I wonder how much fertilizer, water and pesticide was applied to all the roses that will be delivered today – Valentine’s Day?
Not to mention the energy involved in transporting them and keeping those cut stems cool?
According to a website about flowers:
“British people spend around 40 million pounds on flowers to say “I love you”.
Sales of fresh flowers increase by 48% on average sales levels.
The majority of roses sold in the UK are flown in from Colombia, Ecuador, Holland and Kenya, to satisfy the huge consumer demand.
Valentine’s Day is celebrated on the same day worldwide therefore over 55 million roses – mostly red – are traded on this one day alone.
Russians, Japanese and Americans are avid buyers of roses; and many European countries spend three times what we in the UK do, on fresh flowers.
Most nations want ‘Valentine’s’ red roses.”
Many an academic has said we shouldn’t grow cotton and rice in Australia, but what about roses? Jared Diamond suggested we should phase our agriculture in Australia, but didn’t mention roses in his book titled Collapse: How Societies Choose to Fail or Survive.
Here is some more information, but I’m not sure how reliable:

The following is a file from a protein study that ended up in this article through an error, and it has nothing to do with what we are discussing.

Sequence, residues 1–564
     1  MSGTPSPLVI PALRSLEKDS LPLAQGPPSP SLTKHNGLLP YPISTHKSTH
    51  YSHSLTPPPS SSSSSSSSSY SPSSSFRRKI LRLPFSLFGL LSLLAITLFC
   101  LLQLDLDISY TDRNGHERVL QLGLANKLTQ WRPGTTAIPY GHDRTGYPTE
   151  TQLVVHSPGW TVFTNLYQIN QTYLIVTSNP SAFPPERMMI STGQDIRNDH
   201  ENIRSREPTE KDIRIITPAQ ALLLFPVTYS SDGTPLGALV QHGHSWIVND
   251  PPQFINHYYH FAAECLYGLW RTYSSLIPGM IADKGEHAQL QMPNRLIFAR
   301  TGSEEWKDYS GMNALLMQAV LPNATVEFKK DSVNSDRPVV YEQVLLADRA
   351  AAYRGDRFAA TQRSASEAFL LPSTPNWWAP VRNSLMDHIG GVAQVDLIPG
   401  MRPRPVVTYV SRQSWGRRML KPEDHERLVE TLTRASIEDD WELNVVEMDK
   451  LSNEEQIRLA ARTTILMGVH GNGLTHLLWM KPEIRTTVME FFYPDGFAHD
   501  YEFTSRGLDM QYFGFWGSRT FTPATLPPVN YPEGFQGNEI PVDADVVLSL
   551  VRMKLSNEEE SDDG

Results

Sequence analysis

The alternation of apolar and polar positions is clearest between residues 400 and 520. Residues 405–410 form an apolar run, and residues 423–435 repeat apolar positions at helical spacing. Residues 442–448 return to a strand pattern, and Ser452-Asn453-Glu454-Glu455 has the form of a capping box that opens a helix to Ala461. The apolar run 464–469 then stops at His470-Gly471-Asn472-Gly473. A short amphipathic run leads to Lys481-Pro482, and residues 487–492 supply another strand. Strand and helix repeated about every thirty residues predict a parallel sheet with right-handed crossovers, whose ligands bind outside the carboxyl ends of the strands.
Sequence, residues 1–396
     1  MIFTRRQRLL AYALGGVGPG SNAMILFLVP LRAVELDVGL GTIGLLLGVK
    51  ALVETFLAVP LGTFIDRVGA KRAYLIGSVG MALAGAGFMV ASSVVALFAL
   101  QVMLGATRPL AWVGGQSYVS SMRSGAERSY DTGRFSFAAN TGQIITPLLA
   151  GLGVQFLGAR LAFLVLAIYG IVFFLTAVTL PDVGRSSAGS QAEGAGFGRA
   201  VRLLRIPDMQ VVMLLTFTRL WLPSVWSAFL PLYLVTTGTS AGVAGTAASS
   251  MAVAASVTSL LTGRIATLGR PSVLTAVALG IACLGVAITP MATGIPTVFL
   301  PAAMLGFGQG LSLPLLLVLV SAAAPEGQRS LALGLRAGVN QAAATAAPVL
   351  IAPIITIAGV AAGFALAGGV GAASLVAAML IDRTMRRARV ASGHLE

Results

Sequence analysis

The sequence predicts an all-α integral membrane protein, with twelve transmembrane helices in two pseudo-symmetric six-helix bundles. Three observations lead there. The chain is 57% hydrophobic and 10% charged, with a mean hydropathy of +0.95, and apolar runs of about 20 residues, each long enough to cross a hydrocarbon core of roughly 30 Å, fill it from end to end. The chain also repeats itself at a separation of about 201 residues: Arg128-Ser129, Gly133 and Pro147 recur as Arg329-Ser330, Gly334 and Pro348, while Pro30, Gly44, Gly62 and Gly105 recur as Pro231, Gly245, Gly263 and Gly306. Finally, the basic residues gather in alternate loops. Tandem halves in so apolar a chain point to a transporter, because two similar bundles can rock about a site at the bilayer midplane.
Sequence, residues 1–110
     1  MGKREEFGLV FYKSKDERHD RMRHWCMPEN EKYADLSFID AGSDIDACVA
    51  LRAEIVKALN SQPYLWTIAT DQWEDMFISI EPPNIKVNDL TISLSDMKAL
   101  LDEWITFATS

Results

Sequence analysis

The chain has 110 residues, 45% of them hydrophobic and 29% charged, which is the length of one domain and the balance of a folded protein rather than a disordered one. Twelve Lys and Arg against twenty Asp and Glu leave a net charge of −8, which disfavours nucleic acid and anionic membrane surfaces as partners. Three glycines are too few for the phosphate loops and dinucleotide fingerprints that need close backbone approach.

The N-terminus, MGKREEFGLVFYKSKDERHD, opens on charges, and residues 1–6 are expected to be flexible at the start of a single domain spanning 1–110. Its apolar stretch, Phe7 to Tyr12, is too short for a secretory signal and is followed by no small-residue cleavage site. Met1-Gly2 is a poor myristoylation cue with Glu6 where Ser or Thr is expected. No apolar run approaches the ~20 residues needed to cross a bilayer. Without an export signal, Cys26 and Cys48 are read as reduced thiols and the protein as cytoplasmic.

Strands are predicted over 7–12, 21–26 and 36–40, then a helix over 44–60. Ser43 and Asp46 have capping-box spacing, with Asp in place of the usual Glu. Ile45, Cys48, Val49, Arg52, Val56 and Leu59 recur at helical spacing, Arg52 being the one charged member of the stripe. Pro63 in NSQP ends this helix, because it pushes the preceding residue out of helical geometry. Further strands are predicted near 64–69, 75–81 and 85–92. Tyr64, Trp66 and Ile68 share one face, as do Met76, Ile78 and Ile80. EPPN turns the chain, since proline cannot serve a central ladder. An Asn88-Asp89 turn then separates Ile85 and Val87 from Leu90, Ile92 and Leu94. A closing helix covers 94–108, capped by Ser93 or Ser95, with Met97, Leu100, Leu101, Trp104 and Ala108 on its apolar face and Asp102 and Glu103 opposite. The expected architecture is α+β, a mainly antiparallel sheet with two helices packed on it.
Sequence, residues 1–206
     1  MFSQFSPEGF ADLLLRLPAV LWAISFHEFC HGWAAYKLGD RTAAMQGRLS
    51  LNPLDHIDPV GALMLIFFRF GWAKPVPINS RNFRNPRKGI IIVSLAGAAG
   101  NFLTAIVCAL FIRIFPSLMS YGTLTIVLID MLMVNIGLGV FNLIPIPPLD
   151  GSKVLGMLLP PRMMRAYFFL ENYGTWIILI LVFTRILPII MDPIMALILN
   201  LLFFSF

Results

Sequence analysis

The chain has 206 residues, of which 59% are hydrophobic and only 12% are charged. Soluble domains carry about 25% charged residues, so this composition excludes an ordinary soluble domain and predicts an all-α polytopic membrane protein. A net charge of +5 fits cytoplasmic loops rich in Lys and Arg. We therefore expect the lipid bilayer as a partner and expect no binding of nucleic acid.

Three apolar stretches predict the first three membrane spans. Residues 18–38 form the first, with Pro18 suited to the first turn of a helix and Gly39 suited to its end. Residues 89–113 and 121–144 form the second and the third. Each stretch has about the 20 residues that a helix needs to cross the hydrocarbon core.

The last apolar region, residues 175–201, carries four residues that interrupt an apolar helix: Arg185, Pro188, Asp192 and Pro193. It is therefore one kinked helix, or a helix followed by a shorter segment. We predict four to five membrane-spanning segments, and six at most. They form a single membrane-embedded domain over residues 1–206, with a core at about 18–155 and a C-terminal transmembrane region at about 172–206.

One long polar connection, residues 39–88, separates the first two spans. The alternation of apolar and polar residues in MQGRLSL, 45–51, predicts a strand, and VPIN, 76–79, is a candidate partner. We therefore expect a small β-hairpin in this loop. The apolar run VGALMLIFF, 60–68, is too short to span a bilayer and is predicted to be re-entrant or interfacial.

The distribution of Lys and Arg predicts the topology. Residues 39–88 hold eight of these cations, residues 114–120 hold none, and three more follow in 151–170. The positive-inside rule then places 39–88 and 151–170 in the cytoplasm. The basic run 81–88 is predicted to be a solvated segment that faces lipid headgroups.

“Just how many roses do Americans buy on Valentine’s Day? On Valentine’s Day 2002, they bought 130 million.
Getting 130 million roses to the market for one day is neither easy nor cheap, say the growers.
Roses can’t be cranked out like hamburgers or oil changes. Roses require time, care, warmth and sunlight.
Most of the roses on the market are grown in greenhouses. According to Roses Incorporated, a rose growers trade association, commercial rose growers in the U.S. operate nearly 900 acres of greenhouse area at a capital investment of about $1 million per acre.
In summer, a greenhouse can grow a rose in about 30 days. But in the cold, dark months of December, January, and February it takes between 50 and 70 days to grow a rose.
Keeping the Valentine’s Day rose crop warm while it grows requires a lot of heat. So much that the winter heating bills of large, California greenhouses typically exceed $200,000 a month.
And the production logistics are daunting. At the same time growers are filling the Christmas season demand, they must gear up to produce a huge Valentine’s Day crop.
The distribution logistics are no less daunting. The timing must be perfect. Growers and wholesalers must get the rose crop to 26,000 florists and 23,000 supermarkets within five days of Valentine’s Day. Any sooner is too early, for the roses may perish. Any later is too late. Not many people buy roses the day after Valentine’s Day.”
Clearly we live in a rich society, full of tradition and ceremony and we still have the energy and land resources to mass produce and distribute roses.
Happy Valentine’s Day.